If you're found not to be eligible for either Unemployment Insurance (UI) or any other benefit program, and you received benefits BWYW, it would be an overpayment. We are legally required to pursue repayment of those benefits.


Update 7/31/20:
We have found a way to pay benefits to people waiting for their claim to be reviewed by an adjudicator to determine whether they are eligible for regular unemployment or the Pandemic Unemployment Assistance (PUA) program. We’re calling this “Benefits While You Wait.”

We will contact you if you may be able to receive “Benefits While You Wait.” (BWYW) You may be eligible if you:

  1. Applied for regular unemployment insurance (UI) benefits;
  2. Had your claim flagged for adjudication because the Employment Department has to determine if you meet the legal requirements to get regular unemployment benefits;
  3. Are out of work due to a COVID-19 qualifying reason; AND
  4. Are likely eligible for PUA if you cannot receive regular unemployment benefits.

To get "Benefits While You Wait," apply for Pandemic Unemployment Assistance (PUA) and let us know in your application: 1) the COVID-19 reason you are out of work, and 2) the date you were first impacted by that reason. After you apply for PUA, keep filing weekly regular unemployment insurance (UI) claims for each week you want benefits. Do not file weekly PUA claims.

We will review your PUA application to see if you qualify. If you do, we will know you qualify for at least one program, which means we can start paying you benefits. We will pay you your regular UI benefits until your UI claim is adjudicated. If, at the end of the adjudication process, it turns out that you qualified for regular UI benefits, nothing will change. You will keep getting UI benefits as long as you file your weekly claims and you are eligible. If it turns out you didn’t qualify for regular UI, then we will move your claims into the PUA program. If your PUA weekly benefit amount is higher, we will also send you the increase for all the past weeks you got the regular UI amount. You may get several payments at once.

We are required to let you know that there is a chance this could result in overpayment that you would have to pay back. If you prefer to wait for benefits, no action is necessary.

I received a notification about benefits while you wait, but am already receiving regular UI benefits and do not have an issue in adjudication.

You received the presumptive pay email in error. There is no action needed.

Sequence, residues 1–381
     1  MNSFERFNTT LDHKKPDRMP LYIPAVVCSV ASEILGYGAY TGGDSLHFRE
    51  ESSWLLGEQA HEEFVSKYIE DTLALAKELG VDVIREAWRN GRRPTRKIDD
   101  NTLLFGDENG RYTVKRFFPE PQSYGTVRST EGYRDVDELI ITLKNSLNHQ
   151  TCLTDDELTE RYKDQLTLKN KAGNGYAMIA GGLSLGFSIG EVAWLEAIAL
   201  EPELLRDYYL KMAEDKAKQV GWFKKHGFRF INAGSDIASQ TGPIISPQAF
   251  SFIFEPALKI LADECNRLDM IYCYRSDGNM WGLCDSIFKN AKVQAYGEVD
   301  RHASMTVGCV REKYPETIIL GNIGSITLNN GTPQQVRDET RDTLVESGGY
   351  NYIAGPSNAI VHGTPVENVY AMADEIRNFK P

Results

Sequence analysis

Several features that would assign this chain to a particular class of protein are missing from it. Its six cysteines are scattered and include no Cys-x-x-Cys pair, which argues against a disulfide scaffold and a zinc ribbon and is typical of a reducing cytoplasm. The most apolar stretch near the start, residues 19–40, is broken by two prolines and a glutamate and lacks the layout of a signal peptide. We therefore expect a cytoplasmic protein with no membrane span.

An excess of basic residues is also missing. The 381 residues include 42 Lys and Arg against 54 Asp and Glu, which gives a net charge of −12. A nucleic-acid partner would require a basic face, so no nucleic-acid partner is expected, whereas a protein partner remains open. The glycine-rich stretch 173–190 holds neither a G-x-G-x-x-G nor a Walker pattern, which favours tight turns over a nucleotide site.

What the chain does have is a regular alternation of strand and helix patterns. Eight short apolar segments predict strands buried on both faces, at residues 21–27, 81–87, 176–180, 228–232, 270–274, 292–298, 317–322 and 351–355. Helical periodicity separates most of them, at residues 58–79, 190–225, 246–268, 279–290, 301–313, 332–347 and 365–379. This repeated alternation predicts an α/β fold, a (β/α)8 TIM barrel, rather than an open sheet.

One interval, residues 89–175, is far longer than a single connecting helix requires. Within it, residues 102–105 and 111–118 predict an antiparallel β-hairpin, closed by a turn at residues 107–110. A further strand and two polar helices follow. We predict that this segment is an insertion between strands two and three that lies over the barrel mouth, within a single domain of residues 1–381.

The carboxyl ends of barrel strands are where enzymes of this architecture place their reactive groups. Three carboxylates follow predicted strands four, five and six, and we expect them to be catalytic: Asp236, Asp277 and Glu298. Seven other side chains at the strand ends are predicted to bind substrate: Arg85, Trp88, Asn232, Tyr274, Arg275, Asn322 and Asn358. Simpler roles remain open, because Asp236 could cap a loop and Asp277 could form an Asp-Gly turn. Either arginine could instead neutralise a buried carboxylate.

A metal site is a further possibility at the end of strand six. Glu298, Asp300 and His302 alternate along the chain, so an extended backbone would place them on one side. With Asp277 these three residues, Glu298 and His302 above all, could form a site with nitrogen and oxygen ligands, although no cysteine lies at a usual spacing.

I have a regular UI claim that is pending adjudication and have already applied for PUA. What now?

No action is needed, OED staff are actively working on identifying claimants that qualify for BWYW and will notify the claimant if they need additional information. The claimant does not need to resubmit their PUA application. You should continue to file weekly certs on their regular UI claim, and do not need to file weekly certs on the PUA claim.

I have a regular UI claim that is pending adjudication and have not applied for PUA. What now?

If the claimant is unemployed due to a reason related to COVID-19, you should file a PUA claim and continue to file weekly certs on their regular UI claim. If you were not impacted by COVID-19, they likely will not be eligible for BWYW. If you do apply for PUA, you will likely receive an auto generated PUA denial letter because you are eligible for regular UI. This does not mean you have been denied BWYW and no action is needed. You will be contacted if we need you to provide additional information.

If I have penalty weeks on my regular UI claim, will I qualify for BWYW?

You can choose to either serve your penalty weeks on their regular UI claim or request benefits from the PUA program if you have a COVID-19 impact reason.

How long will it take for a customer who is eligible for BWYW to get paid?

About four weeks.

What is presumptive pay and BWYW?

Presumptive pay is benefits paid because we believe the claimant will be eligible under one of the current regular/extension programs or PUA. BWYW is the name we are using instead of presumptive pay to message to Oregonians.

Are BWYW benefits eligible for Federal Pandemic Unemployment Compensation (FPUC)?

Yes, BWYW benefits are regular UI benefits. The claimant will receive FPUC payments for all payable weeks between week 14/20 and 30/20.